FYI: % Signal Loss for Speaker Wire Length - AVS Forum | Home Theater Discussions And Reviews
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post #1 of 25 Old 02-25-2015, 09:05 PM - Thread Starter
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FYI: % Signal Loss for Speaker Wire Length

I made these charts and thought I might as well post them here.

I've determined the length of wire for a Percent of Signal Loss in Speaker Wire. Some people might find it handy.

The first chart is for 1% Resistive signal loss in the wire, the second is for 2%, and the third for 3%. I was going to calculate 5%, but the wire lengths were so long it seemed a bit pointless.

It is generally recommended that you don't run any wire longer than 50ft. The Inductance per Foot begins to accumulate and cause problems down in the audio range.

As an example, here is the result for -

50ft (15.25m)of QED 79 Strand 2.5mm² (~13ga) Twin Lead Speaker Wire -

Here is a very straight forward QED 79 Strand (2.5mm²) -

Capacitance - 58pF/m
Inductance - 0.66 µH/m


Multiply that out to 50 ft (actually 15.25 meters) -

C = 58pF/m x 15.25m = 884.5pF

L = 0.66µF/m x 15.25m = 10.065µH

I'm going to calculate the frequency at which the cable loss is 1/35th of an idealized 8 ohm speaker. That is about 2.286% signal loss in the cable -

First the Inductance as it is usually the lowest -

fL = (R/35) / (2(pi)L)

fL = 3,614 hz

Clearly well in the audio range.

Now let's calculate the frequency associated with 10% Signal loss -

fL = (R/10) / (2(pi)L)

fL = 12,650 hz

2.86% loss in 50 ft of speaker wire at 3,614hz due to inductive impedance.

10% signal loss in 50ft of speaker wire at 12,650hz.

Just so we have it documented, let's determine the frequency at which Capacitive Impedance is 10% of the idealized 8 ohms speaker -

fC = 1 / (2(pi)(R/10)(C))

fC = 224,922,192 hz

Clearly Capacitance is not a problem with longer cables.

This seemed like information that people would appreciate knowing.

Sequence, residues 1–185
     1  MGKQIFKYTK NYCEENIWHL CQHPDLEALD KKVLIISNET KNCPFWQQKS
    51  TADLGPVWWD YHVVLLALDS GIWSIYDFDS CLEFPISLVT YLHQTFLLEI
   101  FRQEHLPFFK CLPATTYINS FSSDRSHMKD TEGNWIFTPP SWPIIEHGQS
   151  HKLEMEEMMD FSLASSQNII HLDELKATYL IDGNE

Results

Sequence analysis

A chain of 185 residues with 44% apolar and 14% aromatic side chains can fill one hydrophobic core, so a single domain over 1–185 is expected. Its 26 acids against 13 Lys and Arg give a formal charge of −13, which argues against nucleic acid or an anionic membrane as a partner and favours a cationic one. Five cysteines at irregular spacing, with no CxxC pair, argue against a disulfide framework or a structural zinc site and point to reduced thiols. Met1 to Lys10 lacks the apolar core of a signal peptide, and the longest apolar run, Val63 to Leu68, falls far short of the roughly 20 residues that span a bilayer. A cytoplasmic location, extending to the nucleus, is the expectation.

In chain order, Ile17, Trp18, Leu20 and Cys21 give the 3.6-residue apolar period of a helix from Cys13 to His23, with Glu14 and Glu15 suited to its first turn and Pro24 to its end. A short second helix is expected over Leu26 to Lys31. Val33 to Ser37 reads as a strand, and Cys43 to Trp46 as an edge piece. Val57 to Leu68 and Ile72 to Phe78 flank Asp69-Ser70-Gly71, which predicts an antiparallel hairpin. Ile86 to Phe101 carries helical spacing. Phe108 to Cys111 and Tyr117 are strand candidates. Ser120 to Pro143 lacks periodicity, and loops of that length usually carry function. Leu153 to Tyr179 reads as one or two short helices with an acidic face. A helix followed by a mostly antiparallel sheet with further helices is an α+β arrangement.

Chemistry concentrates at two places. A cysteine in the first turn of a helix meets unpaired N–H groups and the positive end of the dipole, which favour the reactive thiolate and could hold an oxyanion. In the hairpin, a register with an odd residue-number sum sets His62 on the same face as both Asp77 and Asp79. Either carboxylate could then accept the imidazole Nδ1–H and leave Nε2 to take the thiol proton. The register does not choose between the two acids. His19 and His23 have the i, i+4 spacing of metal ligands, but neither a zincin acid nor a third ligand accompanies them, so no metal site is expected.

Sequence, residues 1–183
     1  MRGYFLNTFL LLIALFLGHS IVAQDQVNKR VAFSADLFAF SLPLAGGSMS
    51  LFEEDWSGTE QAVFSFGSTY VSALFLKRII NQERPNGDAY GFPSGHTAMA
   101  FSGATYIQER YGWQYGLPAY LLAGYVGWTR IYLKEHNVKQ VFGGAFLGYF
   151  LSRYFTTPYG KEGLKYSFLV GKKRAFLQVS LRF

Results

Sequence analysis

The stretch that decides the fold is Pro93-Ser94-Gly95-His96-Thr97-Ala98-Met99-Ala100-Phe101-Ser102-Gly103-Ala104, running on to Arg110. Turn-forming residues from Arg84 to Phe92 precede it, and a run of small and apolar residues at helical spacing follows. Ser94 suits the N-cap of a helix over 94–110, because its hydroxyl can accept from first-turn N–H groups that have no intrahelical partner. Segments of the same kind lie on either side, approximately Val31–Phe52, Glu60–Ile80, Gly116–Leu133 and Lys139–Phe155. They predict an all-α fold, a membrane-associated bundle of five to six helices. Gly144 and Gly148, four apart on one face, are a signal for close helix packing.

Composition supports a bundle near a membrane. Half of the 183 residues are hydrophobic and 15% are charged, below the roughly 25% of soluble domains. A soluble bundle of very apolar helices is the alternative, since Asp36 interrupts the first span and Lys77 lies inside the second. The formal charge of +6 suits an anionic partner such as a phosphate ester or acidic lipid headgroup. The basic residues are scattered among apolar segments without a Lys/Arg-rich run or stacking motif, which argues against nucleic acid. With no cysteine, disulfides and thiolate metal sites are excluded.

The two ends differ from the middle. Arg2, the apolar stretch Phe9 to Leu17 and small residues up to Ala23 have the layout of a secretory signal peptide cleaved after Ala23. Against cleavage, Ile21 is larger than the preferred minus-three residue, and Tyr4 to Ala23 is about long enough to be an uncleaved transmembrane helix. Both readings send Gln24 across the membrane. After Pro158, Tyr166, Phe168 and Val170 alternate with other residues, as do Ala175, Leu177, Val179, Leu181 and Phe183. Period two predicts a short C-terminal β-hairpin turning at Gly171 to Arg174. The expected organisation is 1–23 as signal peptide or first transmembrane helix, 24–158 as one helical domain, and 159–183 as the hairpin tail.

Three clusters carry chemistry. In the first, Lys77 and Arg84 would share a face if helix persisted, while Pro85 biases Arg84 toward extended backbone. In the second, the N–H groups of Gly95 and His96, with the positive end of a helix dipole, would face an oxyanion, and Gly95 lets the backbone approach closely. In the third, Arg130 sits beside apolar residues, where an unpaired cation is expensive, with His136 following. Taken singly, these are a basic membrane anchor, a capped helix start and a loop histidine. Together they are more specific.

And people might want to give some extra thought to they type of speaker cable they use for longer runs.

Make of it what you will.

Steve/bluewizard
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post #2 of 25 Old 02-25-2015, 09:12 PM - Thread Starter
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1% Resistive Loss in Speaker Cable -



2% Resistive Loss in Speaker Cable -



3% Resistive Loss in Speaker Cable -



5% Resistive Loss in Speaker Cable -



Graphics released into public domain.


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post #3 of 25 Old 02-25-2015, 09:35 PM
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Based on your knowledge of what you know so far, can you make me best speaker cables you can make 3 FT?
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post #4 of 25 Old 02-25-2015, 09:44 PM - Thread Starter
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Quote:
Originally Posted by NAIM101 View Post
Based on your knowledge of what you know so far, can you make me best speaker cables you can make 3 FT?

3 feet? 3 feet is no problem, just about any wire will work for 3 feet.

But on the other hand, knowing you have speaker cable costing hundreds, I can't take your question as genuine.

I'm simply establishing cable length for various fixed cable losses - 1%, 2%, 3%. Don't try to make it out to be more than it is.

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post #5 of 25 Old 02-26-2015, 11:19 AM - Thread Starter
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Originally Posted by NAIM101 View Post
Based on your knowledge of what you know so far, can you make me best speaker cables you can make 3 FT?
I also thought it was worth knowing to see just how much cable Inductance affect the audio range when the cable lengths are very long.

Even I didn't expect 50ft to be that significant. That seems like something people would like to know.

The cable I used in the example, is a very basic twin lead wire in the UK at about 13ga (2.5mm²).

http://www.audiovisualonline.co.uk/p...speaker-cable/

While I didn't show the work, I showed the formula so any person can determine the inductive impedance of any given wire for which they have specs at whatever length they desire.

For Front and Center Speakers, Inductance is not a problem, but for longer runs to Surround Speakers, it could potentially be a problem.

Seems like these are things worth knowing.